Knowing how your mind works and how to find your own path is very important, but it isn’t enough.
I’ve seen it happen far too often - therapists help their clients find happiness, but don’t teach them how to hang onto that success. To truly help someone find happiness is to teach them how to find that happiness in the future. I want to train my own clients so well that they no longer need me, even if that takes a long time. I don’t want to set you up for failure either.
In my earlier years of practice, I admit that I treated clients in a way that required them to keep coming back. I didn’t mean to do this, but that was how I was practicing. I was good at getting them to a good place, but bad at helping them understand how to stay there. Six to twelve weeks later, my client would return in frustration. Not only did they need to come back for more treatment, but they came back with a feeling of failure because they felt it was their fault for letting their happiness slip away. This was a terrible thing to do to my clients and I didn’t even realize I was doing it.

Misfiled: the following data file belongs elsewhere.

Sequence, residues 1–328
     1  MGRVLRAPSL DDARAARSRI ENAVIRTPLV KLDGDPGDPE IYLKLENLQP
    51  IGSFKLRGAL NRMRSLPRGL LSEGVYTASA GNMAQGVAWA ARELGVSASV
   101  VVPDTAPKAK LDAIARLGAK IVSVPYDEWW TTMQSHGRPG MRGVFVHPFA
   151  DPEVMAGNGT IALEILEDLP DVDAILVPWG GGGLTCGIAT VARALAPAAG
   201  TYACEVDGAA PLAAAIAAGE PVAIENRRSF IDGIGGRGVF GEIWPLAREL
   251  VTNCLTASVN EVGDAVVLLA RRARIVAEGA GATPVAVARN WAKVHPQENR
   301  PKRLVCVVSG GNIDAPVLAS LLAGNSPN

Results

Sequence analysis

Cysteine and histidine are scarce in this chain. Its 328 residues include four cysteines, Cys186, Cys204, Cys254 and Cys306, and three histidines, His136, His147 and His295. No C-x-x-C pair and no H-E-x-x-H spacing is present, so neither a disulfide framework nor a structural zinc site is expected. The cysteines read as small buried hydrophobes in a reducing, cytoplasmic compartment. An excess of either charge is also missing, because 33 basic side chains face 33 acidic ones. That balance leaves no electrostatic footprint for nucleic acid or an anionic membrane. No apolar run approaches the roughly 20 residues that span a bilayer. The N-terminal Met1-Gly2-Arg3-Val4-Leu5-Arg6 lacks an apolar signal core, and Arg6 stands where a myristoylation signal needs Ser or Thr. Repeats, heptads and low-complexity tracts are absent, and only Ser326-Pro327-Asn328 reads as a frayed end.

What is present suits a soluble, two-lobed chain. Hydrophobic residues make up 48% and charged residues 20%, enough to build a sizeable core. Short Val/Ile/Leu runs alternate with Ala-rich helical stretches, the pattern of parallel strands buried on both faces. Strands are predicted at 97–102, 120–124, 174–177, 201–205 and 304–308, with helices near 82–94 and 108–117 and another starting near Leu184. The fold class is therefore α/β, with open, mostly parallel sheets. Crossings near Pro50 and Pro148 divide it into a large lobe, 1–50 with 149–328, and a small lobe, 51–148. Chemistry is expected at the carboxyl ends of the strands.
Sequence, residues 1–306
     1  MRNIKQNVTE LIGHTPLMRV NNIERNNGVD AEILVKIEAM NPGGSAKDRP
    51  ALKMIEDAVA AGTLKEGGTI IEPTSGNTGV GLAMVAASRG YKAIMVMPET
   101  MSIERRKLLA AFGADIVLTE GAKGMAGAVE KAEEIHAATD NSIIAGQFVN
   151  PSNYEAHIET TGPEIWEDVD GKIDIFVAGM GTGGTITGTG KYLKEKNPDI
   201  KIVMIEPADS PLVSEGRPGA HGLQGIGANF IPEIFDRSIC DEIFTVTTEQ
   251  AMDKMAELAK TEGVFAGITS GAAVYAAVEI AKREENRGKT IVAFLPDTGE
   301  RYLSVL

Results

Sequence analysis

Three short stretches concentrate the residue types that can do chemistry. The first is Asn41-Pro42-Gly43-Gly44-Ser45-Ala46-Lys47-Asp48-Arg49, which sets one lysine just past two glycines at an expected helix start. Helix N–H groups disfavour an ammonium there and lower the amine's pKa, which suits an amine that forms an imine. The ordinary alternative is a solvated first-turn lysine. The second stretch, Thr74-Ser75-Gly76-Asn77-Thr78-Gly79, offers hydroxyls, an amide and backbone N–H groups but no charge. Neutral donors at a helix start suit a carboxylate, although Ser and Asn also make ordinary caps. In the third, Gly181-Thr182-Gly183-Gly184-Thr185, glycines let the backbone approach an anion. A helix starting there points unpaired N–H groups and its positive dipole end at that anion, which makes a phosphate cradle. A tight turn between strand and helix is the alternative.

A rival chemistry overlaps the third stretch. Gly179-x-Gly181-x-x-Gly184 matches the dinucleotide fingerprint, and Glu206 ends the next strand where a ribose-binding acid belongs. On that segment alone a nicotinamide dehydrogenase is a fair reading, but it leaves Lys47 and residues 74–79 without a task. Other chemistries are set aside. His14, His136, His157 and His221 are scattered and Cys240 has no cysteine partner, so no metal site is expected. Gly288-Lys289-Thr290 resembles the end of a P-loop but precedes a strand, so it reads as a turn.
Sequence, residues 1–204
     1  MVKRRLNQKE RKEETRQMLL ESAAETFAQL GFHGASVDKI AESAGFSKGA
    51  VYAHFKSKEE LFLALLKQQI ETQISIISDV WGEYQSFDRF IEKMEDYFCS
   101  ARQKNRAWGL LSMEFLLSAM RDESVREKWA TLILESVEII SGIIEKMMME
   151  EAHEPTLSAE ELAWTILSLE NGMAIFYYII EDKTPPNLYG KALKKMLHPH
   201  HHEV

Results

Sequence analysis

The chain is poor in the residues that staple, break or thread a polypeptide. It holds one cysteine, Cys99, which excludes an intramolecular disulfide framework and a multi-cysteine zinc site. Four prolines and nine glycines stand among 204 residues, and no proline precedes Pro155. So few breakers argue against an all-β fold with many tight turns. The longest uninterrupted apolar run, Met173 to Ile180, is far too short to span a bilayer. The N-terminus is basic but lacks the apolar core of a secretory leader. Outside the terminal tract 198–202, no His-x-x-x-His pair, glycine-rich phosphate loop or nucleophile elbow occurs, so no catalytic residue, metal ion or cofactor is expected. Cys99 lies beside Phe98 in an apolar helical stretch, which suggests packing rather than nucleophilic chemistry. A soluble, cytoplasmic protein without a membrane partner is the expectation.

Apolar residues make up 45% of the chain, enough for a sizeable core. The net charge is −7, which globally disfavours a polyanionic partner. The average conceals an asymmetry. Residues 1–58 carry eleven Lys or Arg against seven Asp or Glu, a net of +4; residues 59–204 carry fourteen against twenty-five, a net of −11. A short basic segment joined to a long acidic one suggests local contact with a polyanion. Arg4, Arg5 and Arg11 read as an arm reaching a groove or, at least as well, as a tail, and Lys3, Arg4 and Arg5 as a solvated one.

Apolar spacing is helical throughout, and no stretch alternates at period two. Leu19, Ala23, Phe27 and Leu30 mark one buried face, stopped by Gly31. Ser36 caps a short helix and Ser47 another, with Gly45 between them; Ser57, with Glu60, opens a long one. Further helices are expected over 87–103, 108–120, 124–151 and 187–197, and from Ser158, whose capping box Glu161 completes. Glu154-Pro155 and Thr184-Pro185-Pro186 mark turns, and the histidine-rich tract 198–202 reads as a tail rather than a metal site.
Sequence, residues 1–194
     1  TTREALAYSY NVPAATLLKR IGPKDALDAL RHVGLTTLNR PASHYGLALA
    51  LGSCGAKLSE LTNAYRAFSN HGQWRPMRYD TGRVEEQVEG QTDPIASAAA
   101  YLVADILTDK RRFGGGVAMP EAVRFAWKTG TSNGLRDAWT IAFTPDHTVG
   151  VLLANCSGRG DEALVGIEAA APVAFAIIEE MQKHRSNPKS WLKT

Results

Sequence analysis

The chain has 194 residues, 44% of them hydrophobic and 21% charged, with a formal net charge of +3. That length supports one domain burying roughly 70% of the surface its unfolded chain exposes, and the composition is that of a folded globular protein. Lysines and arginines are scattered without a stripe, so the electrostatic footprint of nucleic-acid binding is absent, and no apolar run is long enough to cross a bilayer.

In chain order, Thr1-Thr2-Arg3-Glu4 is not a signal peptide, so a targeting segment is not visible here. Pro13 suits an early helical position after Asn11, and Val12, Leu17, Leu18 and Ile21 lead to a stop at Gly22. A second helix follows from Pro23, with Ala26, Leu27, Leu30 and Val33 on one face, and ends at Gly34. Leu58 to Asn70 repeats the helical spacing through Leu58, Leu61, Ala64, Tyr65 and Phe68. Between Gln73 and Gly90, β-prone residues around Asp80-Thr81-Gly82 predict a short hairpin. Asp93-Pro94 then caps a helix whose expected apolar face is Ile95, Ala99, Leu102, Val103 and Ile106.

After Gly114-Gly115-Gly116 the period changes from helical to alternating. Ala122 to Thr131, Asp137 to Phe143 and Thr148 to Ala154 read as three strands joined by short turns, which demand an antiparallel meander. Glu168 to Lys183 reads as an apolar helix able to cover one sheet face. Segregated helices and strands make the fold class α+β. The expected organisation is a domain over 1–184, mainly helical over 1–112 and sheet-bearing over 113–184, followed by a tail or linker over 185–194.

I think of the old adage, “Give a man to fish and you feed him for a day. Teach a man to fish and you feed him for a lifetime.” That’s what this chapter is all about: I want to teach you to fish.
Learning long-term happiness means you need to know how the mind works in the long-term. Up to this point, you’ve learned a lot about how the processes connect and what causes happiness or unhappiness. Now, I need to teach you about making lasting change. This is where habits come into the equation.
I define habits as any thought or behavior that takes place without choice. You’ve lived your life for so long with bad habits that you started when you were young. Learning how to make changes isn’t enough to keep those habits away. While you’ve been in this program and working through these self-discovery tasks, you’re able to keep control because you’ve been actively practicing self-awareness. But, as you get back into your daily routine, you’ll slowly get away from paying so much attention. Over time, old habits have a tendency to come back. Your old ways of thinking and behaving might rear their heads. Until you’ve replaced those old habits with new ones, you’re in danger of reverting back to the unhappiness.
To overcome your negative habits takes at least 90 days of constant effort. Then, the new habits can start to take place and it becomes easier to do them.
No quick fixes when it comes to mental health. Do the work to improve, that’s the first step. The next and usually more difficult task is keeping it up, every day, for 90 days in a row.
Written by Brad Messenger, LMSW.